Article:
6. Do you still recall the names of some of your blind or low vision students and clients? Which three come to mind and why?
It’s been many years since I taught children. If I were to mention three students, it would be from the 1950s. One would be Bruce who was one of the brightest students I had. He was a very rapid Braille reader, perhaps the fastest I’ve ever known.
Another would be John, also bright. He lived near the school, so I got to know his whole family well. John went on to be an avid beep ball player. He became a lawyer and I understand he is very good at his profession.
The third is a toss-up between two Jims. One was a success in disability advocacy and in music.
The other was a strong-willed child who challenged me about everything I tried to teach him. I recently corresponded with a woman who has known this Jim since third grade.
She has stayed close to him for many years, and reports that he has had a very difficult life. With him, I will always wonder if I could have done better.
7. What would you list as your two or three proudest moments in your career?
This is a very difficult question for me. I know what others might say about my better-known accomplishments, but my greatest accomplishment was to observe some of my first students graduate from high school. This was a group of young people who had spent their entire 12 years of schooling with sighted age-mates in public schools. They had made it in a mainstream setting.
There are yet three other proud moments. First was the establishment in 1972 of the Hatlen Center for the Blind. It was a transition program before the word “transition” was used in education. Second, I am proud of my strong support for maintaining an array of placement options for blind and visually impaired students. Third is my assistance in developing the “Expanded Core Curriculum,” an educational need critical to meeting the needs of blind and visually impaired students. These are curriculum areas that are not shared with their sighted classmates. Finally, I can’t forget the reception of the Migel Medal from the American Foundation for the Blind. It represented to me a recognition that I had accomplished a few things that were known beyond my own little world.
8. Did you ever imagine that you would be recognized and inducted in the field’s hall of fame?
I was a member of the original committee that established the “Hall of Fame”. A great deal of time and effort went into formulating and implementing this wonderful way of recognizing our past history and the people who have led us to becoming a leader in education for children and youth with disabilities. It was an honor to be a member of that committee.
However, a fact that is not well-known to my colleagues and friends is that a member of that original committee resigned before the final formation of the Hall of Fame. This person stated that every colleague in our profession should be in this Hall of Fame, because we are all heroes. This committee acknowledged and appreciated that observation, even though we continued with plans to establish the Hall of Fame. But let’s all not forget the belief of our colleague that to single out specific individuals for a Hall of Fame will leave a lot of heroes who belong.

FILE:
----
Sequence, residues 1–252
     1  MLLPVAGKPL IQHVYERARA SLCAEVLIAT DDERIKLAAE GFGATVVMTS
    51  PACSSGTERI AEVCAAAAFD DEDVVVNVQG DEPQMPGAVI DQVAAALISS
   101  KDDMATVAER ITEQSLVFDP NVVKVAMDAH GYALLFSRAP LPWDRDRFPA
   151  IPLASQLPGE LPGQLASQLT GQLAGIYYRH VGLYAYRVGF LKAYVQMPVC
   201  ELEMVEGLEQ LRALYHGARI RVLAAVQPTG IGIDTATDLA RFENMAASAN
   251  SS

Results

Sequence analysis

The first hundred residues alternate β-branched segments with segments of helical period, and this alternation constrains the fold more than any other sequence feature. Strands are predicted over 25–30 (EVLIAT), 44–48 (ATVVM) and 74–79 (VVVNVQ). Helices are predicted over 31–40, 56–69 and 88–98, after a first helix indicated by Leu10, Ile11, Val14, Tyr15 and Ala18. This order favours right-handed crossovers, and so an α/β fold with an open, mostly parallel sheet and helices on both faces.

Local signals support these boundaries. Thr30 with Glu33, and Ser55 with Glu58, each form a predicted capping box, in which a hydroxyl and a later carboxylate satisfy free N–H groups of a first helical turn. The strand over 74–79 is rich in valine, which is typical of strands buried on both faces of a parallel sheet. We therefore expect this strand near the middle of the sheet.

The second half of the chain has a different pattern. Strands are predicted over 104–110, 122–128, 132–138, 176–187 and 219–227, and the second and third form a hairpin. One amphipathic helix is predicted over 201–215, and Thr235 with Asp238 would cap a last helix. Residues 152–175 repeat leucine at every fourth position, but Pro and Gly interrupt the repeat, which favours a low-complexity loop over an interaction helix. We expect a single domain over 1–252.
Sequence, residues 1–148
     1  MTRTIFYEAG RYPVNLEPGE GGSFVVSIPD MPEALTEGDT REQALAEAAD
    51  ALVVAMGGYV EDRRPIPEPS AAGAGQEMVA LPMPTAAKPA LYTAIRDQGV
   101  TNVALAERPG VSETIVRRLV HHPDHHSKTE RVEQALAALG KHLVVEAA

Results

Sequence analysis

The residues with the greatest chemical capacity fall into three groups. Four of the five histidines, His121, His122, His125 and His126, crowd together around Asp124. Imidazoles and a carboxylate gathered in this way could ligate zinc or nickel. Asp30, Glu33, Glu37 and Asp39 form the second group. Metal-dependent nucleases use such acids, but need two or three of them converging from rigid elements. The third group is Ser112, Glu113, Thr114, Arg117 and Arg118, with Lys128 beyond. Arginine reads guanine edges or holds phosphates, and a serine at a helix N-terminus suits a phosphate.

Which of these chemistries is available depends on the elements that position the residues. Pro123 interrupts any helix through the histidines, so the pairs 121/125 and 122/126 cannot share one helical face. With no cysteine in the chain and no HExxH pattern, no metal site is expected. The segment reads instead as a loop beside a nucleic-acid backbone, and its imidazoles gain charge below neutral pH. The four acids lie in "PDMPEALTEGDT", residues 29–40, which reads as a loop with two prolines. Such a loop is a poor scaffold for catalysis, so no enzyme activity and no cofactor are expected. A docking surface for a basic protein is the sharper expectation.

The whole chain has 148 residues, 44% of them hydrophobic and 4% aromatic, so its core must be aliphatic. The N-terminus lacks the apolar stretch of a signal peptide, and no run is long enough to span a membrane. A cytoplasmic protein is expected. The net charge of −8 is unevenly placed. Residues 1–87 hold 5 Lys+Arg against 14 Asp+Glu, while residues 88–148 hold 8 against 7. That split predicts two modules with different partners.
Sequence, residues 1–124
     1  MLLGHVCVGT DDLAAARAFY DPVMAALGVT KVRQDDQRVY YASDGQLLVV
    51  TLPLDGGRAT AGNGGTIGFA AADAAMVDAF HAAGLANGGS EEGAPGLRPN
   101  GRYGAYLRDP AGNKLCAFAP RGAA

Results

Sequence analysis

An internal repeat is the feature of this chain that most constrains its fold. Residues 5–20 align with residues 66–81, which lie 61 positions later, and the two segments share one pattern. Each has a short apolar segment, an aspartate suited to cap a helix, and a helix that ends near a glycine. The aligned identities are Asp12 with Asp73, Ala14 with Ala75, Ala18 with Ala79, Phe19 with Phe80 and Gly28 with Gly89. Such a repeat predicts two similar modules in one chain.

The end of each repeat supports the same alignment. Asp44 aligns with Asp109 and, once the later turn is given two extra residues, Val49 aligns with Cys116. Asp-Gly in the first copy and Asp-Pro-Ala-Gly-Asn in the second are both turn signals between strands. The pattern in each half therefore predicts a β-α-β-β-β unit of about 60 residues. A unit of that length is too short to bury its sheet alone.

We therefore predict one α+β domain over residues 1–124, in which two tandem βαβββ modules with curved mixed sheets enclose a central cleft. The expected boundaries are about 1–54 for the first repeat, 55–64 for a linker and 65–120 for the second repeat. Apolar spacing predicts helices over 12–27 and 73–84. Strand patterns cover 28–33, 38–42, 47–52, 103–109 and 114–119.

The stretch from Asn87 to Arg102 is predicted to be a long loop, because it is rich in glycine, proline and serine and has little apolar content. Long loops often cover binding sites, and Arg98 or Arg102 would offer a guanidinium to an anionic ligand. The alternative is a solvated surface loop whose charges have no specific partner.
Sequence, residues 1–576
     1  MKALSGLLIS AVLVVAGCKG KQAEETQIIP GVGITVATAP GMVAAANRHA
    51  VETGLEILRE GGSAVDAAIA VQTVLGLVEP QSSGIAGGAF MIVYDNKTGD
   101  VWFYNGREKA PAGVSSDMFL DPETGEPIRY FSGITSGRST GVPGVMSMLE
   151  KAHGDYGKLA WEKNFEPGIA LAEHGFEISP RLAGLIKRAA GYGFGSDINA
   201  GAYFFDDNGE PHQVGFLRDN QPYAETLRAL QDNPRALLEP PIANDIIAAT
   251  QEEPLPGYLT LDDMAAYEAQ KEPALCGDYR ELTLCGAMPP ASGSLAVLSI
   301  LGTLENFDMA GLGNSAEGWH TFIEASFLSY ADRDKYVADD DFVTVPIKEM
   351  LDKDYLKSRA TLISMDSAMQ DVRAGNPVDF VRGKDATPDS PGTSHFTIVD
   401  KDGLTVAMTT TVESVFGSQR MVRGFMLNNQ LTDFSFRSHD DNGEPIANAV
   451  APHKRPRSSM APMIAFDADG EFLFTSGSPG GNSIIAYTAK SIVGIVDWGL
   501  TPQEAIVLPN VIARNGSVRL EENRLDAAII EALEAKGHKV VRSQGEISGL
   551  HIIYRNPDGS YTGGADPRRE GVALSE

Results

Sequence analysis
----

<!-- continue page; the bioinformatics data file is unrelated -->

I’m asked my thoughts about being inducted into the Hall of Fame. My inclusion within this amazing group of people, including all of my mentors, is humbling. My first reaction was that I know a lot of friends and colleagues who deserve this honor more than me. But some of those colleagues chose me. Soon I forgot the “humble” part and became very, very proud of being a member of the Hall of Fame.
9. During your career you undoubtedly saw the field change in many different ways. How did it change? In which ways do you wished it would have changed more?
Of course the major change in education for blind and visually impaired students is the movement from schools for the blind to local day school educational services. This movement has had both its assets and liabilities, and I’ll get into that later.
Technology is a very major change in education. Now our students can store and retrieve information in rapid and exciting ways. Now technology invites the student to produce information in Braille, speech, or print with little effort. Braille is more readily available, even short-run Braille. Sports and physical activities are much more available (Goal Ball is an amazing addition for blind people to participate in competitive sports). Teacher preparation has not only increased in availability, but is up-to-date with its curriculum. Recognition of the Expanded Core Curriculum has been adopted, and this has changed the role of teacher. Services for infant and preschool children have expanded significantly. There are many, many additional advances in education during my professional lifetime. Suffice it to say that we are a creative, exciting profession that has kept pace with advances in education, and has anticipated its future.